Pierrot shows and concert parties – meta-fiction in Brighton Rock

Jack MCNaughton in Brighton Rock
The seaside concert party headed by Ida Arnold (Hermione Baddeley) put on their show to a practically deserted sea front. Jack McNaughton is second from the left.

Jack McNaughton had an unwitting role in delivering some classic meta fiction to the silver screen in his role as a member of a Pierrot concert party in the classic British Noire Brighton Rock.

Concert parties were a hugely popular feature of seaside towns like Brighton during the 1930s and 1940s. Often broadcast on the BBC, concert parties in Brighton included Jimmy Hunter’s Brighton Follies from the Palace Pier Theatre, the New Brighton Follies from the Floral Pavilion and Jack Sheppard’s Concert Party, which performed on Marine Parade.

Pierrot Shows were started by Clifford Essex in the 1890s. He brought the idea over from France, forming the Pierrot Banjo Team which then became the Clifford Essex Royal Pierrots – so called because they played for Prince Edward, later Edward VII on the Royal Yacht at the Cowes regatta in 1891.

Pierrot troupes became so popular that by the 1920s there were over 500 of them entertaining the summer crowds at seaside resorts around the UK. They provided platforms where budding entertainers, singers and comedians honed their acts before taking them to wider audiences on radio, TV, theatre and film.

The tradition of seaside Pierrots in pointed hats and black or coloured costumes decorated with pom-poms who sang, danced, juggled, and joked on the piers of Brighton, Margate and Blackpool lasted until the 1950s.

Pierrot troupes appeared in art and popular culture. Walter Sickert’s painting Brighton Pierrots, 1915 is an atmospheric depiction of a concert party performing under electric lights at dusk on Brighton seafront. There is an air of melancholy about the image as the performers play to a diminishing late summer audience.

Jack McNaughton in Brighton Rock
Hermione Baddeley gives an impersonation of Harry Lauder to amuse studio staff during the lunch break

Pierrots also feature in literature and film. One of the main protagonists in Grahame Greene’s Brighton Rock is the leader of a Pierrot troupe in Brighton. The novel was later adapted for the screen by Greene and Terrance Rattigan.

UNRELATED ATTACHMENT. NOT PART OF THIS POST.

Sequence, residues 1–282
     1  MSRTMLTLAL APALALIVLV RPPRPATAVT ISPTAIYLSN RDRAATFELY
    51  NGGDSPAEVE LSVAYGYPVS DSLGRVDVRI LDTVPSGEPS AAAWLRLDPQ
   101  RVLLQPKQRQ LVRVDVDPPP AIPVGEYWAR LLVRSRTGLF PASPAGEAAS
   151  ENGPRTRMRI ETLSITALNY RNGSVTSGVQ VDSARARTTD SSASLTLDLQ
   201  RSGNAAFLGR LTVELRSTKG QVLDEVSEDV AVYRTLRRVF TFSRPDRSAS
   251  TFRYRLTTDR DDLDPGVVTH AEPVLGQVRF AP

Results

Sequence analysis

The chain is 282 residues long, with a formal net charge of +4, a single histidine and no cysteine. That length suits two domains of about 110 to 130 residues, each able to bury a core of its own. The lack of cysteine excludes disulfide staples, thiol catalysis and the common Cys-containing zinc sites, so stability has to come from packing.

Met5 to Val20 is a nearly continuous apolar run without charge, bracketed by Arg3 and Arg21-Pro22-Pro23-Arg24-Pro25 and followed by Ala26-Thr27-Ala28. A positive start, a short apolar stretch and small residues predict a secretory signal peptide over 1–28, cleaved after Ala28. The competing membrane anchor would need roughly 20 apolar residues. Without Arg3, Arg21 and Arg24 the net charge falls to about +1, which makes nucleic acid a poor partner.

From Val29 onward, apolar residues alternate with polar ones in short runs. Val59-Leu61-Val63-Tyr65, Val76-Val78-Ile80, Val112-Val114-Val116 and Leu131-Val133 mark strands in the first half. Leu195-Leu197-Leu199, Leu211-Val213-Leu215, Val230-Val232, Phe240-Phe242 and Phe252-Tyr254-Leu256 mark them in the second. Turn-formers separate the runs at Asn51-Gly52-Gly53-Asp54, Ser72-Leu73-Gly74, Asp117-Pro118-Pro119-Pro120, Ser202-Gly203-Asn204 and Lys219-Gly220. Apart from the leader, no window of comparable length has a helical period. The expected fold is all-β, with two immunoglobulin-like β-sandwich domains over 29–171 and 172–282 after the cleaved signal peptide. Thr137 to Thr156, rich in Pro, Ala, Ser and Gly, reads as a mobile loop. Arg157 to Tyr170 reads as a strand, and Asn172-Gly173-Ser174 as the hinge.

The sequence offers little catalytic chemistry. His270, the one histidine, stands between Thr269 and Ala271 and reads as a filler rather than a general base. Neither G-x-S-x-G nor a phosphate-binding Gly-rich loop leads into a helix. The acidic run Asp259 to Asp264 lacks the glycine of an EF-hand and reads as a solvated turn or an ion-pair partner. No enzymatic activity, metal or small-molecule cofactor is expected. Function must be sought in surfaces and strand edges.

In the film, Pinkie Brown (Richard Attenborough), a Brighton gangster, murders a journalist Fred Hale -who was in Brighton to promote his paper – at the fairground. Brown’s gang hold Hale responsible for the death of their leader, Kite. Ida Arnold (Hermione Badderley), the leader of a Pierrot Troupe, who spent some time with Hale in the time before his murder suspects foul play. After being fobbed off by the police she undertakes her own investigation into Hale’s death. The lives of Pinkie, his girlfriend Rose, Pinkie’s gang (Spicer, Dallow and Cubbit) and Ida collide with tragic consequences as Pinkie becomes increasingly desperate in his attempts to establish an alibi for Hale’s murder while trying to stave off the attentions of a rival gang.

Brighton Rock is a classic noire in the mould of the traditional American gangster movie. In the US, the film was called Young Scarface. It was directed by John Boulting and produced by Roy Boulting with cinematography by Harry Waxman. The gritty realism of Brighton Rock presages later British gangster classics like Mike Hodges’ Get Carter and Guy Ritchie’s Lock, Stock and Two Smoking Barrels.

One member of the Pierrot troupe was Jack McNaughton in one of his first film role after returning to England from the Far East after WWII. He had worked with Hermione Badderley in the Gate Revue before the war and became a regular in the Boulting Brothers’ productions.

Click here for more on Brighton Rock.

To find out more about Clifford Essex and the Pierrot tradition have a listen to this three-part series on Radio 4.

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